But the 5T changed the core idea of the secondary camera, shooting (mo’ pun intended) for better low-light shots with a sensor that only kicked in under dark conditions. Unfortunately, it didn’t work that well for such a task, and the OnePlus 5T maintained the company’s reputation for below-average nighttime photography.
With the OnePlus 6, the company is taking a deliberately simple approach — one that’s worked for Samsung, Apple, Huawei and many others. It’s increasing the size of the main sensor — it’s still 16 megapixels, but the individual pixel size has grown to 1.22 microns from 1.12 in the OnePlus 5 — which, along with optical image stabilization (OIS) and a wide ƒ/1.7 lens, should make for much-improved low-light photography. (The IMX519 sensor found in the OnePlus 6 is brand new and other than the Oppo R15, which formed the basis for the OP6’s design, it’s yet to ship in volume.)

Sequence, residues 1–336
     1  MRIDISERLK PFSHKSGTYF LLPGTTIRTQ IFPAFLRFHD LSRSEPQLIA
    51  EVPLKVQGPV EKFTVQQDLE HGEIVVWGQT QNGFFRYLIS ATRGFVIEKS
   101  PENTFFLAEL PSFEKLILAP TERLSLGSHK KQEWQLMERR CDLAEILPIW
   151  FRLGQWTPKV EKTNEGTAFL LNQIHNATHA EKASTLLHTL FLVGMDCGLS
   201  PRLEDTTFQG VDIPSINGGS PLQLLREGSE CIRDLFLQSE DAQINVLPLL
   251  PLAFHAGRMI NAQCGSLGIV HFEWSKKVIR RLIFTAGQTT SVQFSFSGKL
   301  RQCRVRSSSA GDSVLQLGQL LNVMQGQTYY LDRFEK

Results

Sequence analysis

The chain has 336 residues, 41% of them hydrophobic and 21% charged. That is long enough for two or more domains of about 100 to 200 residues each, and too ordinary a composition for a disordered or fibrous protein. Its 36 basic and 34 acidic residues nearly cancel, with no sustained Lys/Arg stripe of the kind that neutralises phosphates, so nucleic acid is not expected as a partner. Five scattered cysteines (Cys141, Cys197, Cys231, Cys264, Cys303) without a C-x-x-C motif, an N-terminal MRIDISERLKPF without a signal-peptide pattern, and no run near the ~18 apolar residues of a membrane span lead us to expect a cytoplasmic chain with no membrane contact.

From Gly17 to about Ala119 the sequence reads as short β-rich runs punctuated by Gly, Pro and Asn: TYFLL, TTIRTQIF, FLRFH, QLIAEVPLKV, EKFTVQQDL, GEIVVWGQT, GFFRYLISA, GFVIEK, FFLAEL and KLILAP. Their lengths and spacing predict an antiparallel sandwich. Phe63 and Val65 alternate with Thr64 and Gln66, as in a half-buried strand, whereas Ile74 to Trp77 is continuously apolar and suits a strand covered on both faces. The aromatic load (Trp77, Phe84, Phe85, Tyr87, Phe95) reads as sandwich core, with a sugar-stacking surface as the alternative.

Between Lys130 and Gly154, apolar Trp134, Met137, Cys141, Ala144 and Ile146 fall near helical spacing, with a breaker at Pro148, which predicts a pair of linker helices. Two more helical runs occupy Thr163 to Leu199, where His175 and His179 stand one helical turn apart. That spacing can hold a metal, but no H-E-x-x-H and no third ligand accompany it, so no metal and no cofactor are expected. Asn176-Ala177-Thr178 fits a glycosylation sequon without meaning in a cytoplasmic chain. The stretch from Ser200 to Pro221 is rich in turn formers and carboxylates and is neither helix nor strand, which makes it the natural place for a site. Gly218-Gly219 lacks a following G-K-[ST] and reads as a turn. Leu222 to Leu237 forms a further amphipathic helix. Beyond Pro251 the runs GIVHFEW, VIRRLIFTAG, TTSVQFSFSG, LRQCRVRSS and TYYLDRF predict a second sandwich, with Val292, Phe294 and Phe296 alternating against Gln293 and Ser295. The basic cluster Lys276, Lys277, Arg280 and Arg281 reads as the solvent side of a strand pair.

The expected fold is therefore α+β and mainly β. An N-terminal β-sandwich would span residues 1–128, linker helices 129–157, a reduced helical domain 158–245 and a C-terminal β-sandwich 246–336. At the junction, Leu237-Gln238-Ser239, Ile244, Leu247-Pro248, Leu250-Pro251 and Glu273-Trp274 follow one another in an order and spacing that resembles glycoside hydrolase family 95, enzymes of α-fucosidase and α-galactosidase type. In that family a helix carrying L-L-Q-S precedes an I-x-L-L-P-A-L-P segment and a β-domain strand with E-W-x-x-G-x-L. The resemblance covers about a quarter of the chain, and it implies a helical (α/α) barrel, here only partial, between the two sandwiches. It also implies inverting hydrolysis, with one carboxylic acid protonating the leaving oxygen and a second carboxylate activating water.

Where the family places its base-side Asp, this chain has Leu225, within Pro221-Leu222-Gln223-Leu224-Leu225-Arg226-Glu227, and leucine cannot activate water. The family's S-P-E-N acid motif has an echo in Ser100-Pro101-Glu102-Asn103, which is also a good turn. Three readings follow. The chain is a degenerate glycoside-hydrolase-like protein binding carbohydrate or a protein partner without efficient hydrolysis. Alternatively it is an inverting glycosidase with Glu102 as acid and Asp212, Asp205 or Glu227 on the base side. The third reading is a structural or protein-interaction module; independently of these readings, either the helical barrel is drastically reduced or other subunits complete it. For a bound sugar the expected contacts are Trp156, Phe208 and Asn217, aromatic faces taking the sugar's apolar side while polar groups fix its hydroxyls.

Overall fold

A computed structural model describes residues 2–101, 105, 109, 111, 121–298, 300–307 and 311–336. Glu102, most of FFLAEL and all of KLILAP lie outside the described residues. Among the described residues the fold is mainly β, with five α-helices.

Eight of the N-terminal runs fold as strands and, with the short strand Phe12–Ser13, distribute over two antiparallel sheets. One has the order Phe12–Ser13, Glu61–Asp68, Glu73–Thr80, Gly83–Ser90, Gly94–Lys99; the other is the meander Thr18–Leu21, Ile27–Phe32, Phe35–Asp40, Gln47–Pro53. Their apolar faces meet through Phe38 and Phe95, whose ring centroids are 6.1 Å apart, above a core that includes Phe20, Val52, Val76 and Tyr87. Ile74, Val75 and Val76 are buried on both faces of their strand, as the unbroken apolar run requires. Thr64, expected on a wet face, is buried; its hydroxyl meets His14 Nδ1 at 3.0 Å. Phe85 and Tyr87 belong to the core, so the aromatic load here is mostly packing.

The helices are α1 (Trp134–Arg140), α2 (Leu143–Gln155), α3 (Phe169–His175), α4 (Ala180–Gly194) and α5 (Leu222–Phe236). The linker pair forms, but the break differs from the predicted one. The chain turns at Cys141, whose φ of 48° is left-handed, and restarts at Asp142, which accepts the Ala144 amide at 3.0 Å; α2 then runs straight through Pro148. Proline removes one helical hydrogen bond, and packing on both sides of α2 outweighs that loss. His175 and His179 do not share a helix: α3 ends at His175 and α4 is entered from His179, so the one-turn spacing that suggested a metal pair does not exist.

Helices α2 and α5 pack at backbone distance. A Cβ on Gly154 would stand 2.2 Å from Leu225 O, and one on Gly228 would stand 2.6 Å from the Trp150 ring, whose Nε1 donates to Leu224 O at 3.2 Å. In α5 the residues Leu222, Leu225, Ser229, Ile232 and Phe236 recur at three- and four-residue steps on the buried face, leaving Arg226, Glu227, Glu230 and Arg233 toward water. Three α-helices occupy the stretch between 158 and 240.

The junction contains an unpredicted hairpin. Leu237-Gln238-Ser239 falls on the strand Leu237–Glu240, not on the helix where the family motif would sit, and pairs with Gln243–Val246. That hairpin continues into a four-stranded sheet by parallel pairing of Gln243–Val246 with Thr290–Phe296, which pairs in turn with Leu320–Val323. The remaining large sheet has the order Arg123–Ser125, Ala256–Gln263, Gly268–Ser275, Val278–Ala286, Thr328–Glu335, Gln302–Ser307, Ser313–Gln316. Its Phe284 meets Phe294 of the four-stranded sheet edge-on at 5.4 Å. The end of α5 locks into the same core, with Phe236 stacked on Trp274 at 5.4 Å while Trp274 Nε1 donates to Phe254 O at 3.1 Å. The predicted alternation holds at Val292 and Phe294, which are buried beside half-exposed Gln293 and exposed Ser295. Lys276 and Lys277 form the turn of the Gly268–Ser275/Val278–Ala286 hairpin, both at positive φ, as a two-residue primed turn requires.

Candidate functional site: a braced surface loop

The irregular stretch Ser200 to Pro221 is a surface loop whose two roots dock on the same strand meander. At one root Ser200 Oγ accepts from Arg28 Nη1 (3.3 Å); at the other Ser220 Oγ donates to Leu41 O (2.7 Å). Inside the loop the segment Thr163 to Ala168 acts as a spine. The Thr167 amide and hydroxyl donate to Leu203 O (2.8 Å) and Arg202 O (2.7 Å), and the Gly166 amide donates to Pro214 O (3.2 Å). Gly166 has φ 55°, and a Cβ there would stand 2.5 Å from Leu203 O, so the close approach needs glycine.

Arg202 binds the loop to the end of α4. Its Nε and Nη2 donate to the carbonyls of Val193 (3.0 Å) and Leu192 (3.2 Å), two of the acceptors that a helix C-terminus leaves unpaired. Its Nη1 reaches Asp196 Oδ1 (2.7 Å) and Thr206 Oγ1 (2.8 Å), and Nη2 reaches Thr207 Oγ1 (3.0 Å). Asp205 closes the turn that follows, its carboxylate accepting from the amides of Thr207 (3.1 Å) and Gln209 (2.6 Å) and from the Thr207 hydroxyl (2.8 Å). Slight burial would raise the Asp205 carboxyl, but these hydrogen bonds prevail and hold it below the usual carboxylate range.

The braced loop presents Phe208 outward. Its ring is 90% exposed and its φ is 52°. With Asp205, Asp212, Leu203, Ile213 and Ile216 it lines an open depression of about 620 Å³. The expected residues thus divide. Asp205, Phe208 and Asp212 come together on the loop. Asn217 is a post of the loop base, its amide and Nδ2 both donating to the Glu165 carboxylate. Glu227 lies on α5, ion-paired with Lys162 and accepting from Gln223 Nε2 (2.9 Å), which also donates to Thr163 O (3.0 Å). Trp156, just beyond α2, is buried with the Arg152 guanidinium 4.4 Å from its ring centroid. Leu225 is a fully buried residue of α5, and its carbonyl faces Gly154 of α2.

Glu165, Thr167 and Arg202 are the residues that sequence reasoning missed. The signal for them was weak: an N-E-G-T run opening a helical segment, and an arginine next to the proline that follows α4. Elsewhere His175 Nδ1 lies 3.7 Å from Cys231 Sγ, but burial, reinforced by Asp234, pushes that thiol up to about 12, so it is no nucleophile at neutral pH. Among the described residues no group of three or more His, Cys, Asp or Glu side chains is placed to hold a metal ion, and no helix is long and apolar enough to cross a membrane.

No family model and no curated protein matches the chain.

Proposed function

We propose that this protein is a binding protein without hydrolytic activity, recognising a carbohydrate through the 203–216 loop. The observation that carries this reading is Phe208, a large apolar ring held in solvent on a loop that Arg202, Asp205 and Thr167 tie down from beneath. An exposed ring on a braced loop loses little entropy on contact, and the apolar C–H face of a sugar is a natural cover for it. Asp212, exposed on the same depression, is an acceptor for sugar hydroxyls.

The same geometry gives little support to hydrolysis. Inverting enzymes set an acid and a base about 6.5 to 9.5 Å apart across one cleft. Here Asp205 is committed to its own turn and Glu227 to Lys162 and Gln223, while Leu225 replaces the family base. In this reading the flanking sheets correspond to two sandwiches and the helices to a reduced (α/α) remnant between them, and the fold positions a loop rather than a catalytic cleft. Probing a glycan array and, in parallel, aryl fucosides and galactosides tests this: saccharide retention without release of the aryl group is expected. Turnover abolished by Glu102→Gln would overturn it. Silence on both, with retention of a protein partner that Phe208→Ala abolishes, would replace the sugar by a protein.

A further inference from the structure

And the 20MP secondary sensor? Well, it’s the same one used in the OnePlus 5T, but its sole purpose is to add depth information for the phone’s much-improved portrait mode. No low-light tricks; no telephoto gimmicks.
OnePlus can’t make up its mind about the purpose of its phones’ secondary camera, so dedicating it to portrait mode makes sense in a reductive way.
I can’t share photo samples just yet, but suffice it to say the OnePlus 6 takes some excellent photos in most lighting conditions, although sheer physical limitations will likely prevent it from competing against phones like the Samsung Galaxy S9 and Huawei P20 Pro at night. It’s inevitable, though, that the Snapdragon 845’s ISP, which has boosted so many phones’ photographic abilities, will help here; in my early testing, low-light photos tuned for high sensitivity (ISO) produced fewer artifacts and less grain and than in any OnePlus device to date.